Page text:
Von Bierbach nach Chattanooga. That is the title of the newspaper story that appeared in last week’s edition of the Saarbrücker Zeitung, the “Saarbrücker Newspaper.”
“From Bierbach to Chattanooga”
And yes, the article refers to our Chattanooga, Ohio. It is the story of my immigrant ancestor after he settled in Mercer County, Ohio, in 1871. What he did, what his life was like as an American citizen, and what happened to him.
Never in his wildest dreams could my great-grandfather Jacob Müller imagine this. That nearly a century and a half after he emigrated, someone from his native village of Bierbach would want to know about his life in the New World. Not to mention the fact that his story and family photo would be published in a German newspaper and on something as inconceivable as the Internet, where anyone in the world can read it.
How could anyone from the late 19th century imagine these things? If Jacob thought that far into the future he would have wondered: Would there be any distant relatives living in my hometown of Bierbach in 2015? Would anyone in Bierbach know of my family and the contributions we made to the community? Were our emigrant stories passed down through the years? Would anyone remember my family at all?
Thankfully there are people who are interested in knowing what happened to the German emigrants after they settled in America. They don’t necessarily have ties to a specific family. They just want to learn about and write the emigrant’s story.
Kerstin Rech is one of the people. Kerstin lives in Stuttgart and is an author who writes novels and freelances as a newspaper journalist for various newspapers and magazines. One of those newspapers is the Saarbrücker Zeitung, “Saarbrücker Newspaper” in English. Saarbrücken is the capital of the state of Saarland, located in southwestern Germany, very near the French border. It is about 12.8 miles from Bierbach, as the crow flies. Bierbach, a little village in the Kingdom of Bavaria in Jacob’s time, is now in the state of Saarland.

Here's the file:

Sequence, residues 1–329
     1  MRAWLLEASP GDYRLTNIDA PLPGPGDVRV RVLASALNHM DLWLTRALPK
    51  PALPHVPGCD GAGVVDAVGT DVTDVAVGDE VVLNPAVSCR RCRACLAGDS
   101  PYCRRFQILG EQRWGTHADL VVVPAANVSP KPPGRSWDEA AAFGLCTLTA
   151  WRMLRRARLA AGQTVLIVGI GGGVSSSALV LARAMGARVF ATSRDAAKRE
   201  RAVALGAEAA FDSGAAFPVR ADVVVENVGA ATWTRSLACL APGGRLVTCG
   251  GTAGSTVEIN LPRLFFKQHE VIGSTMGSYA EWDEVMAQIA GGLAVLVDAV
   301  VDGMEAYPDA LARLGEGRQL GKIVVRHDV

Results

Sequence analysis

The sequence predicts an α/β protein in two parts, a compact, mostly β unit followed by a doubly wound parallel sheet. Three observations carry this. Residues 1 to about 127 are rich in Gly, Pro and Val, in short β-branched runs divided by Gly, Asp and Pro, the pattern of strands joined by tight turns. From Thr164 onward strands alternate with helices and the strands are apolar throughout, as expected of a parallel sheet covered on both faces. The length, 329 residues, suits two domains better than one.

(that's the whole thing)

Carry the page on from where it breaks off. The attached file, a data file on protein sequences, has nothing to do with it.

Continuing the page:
Kerstin has family ties to Bierbach and chose to write an article about a local 19th century emigrant. She wanted write about his life in the New World and what eventually happened to him.
Kerstin found my website, likely from an Internet search for Bierbach, and read some of my blog posts. From that she learned that my great-grandfather Jacob Müller came from her region of Germany. She contacted me over six months ago and I provided her with information about Jacob for her article.
Her story was printed in the Saarbrücker Zeitung just last weekend, in the 25/26 January 2015 edition. The article was in the Heimat/Region (Home/Region) section of the newspaper.
As I told Jacob’s story to Kerstin we discussed why he emigrated. I mentioned that many Germans were lured to America by good cheap land because there was a shortage of land in Germany. Families were large and often only the eldest male in the family inherited the family farm. There was just not enough land for everyone in the family and remaining siblings needed some form of employment. There was opportunity in America.
When I told Kerstin that Jacob purchased 80 acres of land in Blackcreek Township she was astounded. She questioned the 80 acre number, thinking I might have made a typo and actually meant 8 acres. She said that 80 acres would have been an almost unimaginable amount of land by German standards. But I explained that it was a fairly common amount of land to purchase in this rural area. I never really thought much about it because it was an average size farm around here, but it would have been a lot of land in Germany.
By German standards Jacob would have been considered prosperous. A wealthy farmer who owned a vast amount of land.
But prosperity is relative.
Jacob was probably of average wealth compared to the other farmers in Blackcreek Township. He may have even been a little poorer than average in his community. But with a lot of hard work and determination he cleared and worked and farmed and raised livestock on his 80 acres. He built a house and barn on his farm and raised a family of ten children, losing some of those children before his death in 1918.